Eight Seattle children should have “their day in court” to argue that Washington State and others aren't protecting them from climate change, a judge ruled.
In Seattle, King County Superior Court Judge Hollis Hill has allowed eight children to advance in their case against the State of Washington. The judge ruled that “it is time for these youth to have the opportunity to address their concerns in a court of law, concerns raised under statute and under the state and federal constitutions.”
Aged between 12 and 16 years, the group of youngsters asked Hill in November to rule that the Department of Ecology of Washington to be in contempt for its alleged failure to protect them, and future generations, from the effects of global warming. On December 19, Hill found that the state government had complied with her order to adopt the Clean Air Rule within the time set by the court, the plaintiffs’ request to find Ecology in contempt was denied. However, the judge also decided to allow the young plaintiffs to amend their original complaint and thus move ahead with their claims “so as to have their day in court.”
Hill wrote: “The Court takes this action due to the emergent need for coordinated science-based action by the State of Washington to address climate change before efforts to do so are too costly and too late.”
“It is time for these youth to have the opportunity to address their concerns in a court of law, concerns raised under statute and under the state and federal constitution.” Judge Hill will retain jurisdiction in the case.
The ruling will allow the plaintiffs to prove “their government has failed and continues to fail to protect them from global warming,” and meet the remedies they seek from the State of Washington and the governor. The young people may now go to court and thus argue that the State of Washington violated their rights under the state constitution, and a legal principle called the public trust doctrine, which requires government to protect shared resources such as air and water.
Judge Hill’s decision comes on the heels of the Department of Ecology making recommendations for new legislation on greenhouse gas emissions limits for Washington State that will supposedly lead to catastrophic levels of atmospheric carbon dioxide. A statement by the Western Law Center, which is representing the child plaintiffs contends that the standard set by the state government -- carbon dioxide levels of 450 parts per million (ppm) and warming of 2°C -- are “not based on science and will not protect the youths' fundamental rights.”
"I once again express my gratitude to the honorable Judge Hollis Hill," said Gabe Mandell, a youth in the case. "She continues to recognize that to uphold children's rights to a safe and healthy future, governments must develop clear, science-based, enforceable plans to reduce carbon emissions. The time has long passed for Ecology to stop nibbling around the edges of the climate emergency."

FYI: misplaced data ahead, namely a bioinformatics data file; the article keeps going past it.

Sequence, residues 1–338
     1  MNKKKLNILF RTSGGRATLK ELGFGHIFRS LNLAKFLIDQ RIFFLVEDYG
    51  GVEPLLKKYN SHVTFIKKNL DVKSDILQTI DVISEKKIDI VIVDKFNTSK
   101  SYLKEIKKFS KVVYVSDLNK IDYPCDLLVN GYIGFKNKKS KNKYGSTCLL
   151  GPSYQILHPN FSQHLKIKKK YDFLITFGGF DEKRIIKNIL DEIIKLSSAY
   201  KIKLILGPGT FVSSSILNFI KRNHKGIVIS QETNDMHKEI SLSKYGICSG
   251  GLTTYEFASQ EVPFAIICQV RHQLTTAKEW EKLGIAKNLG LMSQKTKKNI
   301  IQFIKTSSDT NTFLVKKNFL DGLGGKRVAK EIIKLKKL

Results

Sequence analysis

In a statement by the Western Law Center, young Athena Fain -- who is president of Plant for the Planet Seattle -- said of the ruling "I was thinking about trees.”
Taking a swipe at President-elect Donald Trump, young Athena said, “They usually stand there; there's a kind of honesty in a tree that you're never going to find in a person. Especially in a time like this, when someone dishonest got into the White House, it's more important now to have trees in our life. I think advocating for trees is one of the most important things I'm going to do in my life. Judge Hill made it about truth. Science doesn't lie to us. Science tells us the truth.”
According to Attorney Andrea Rodgers, who is of counsel to the youngsters, the plaintiffs “want is the opportunity to present the science to the court because the government leaders of today have failed to implement climate policies that scientists and experts say are needed to protect the rights of young people and future generations.”
Ecology spokeswoman Camille St. Onge said the state has adopted one of nation's most progressive carbon pollution reduction regulations and “will continue to do our part to help slow climate change.”
The Washington case is just part of an effort to force all 50 state governments to adhere to the global climate change claims. In what Our Children’s Trust has described as a “landmark” federal lawsuit, U.S. District Judge Ann Aiken ruled in in a Eugene, Oregon, court this past November that denied motions by the federal government and energy corporations to dismiss a constitutional issue, thus allowing 21 young people from all over the country to have standing and advance to trial. Aiken wrote, “Exercising my ‘reasoned judgment,’ I have no doubt that the right to a climate system capable of sustaining human life is fundamental to a free and ordered society.” The group is arguing that through the “affirmative action” of government “in causing climate change, it has violated the youngest generation’s constitutional rights to life, liberty, property, as well as failed to protect essential public trust resources.”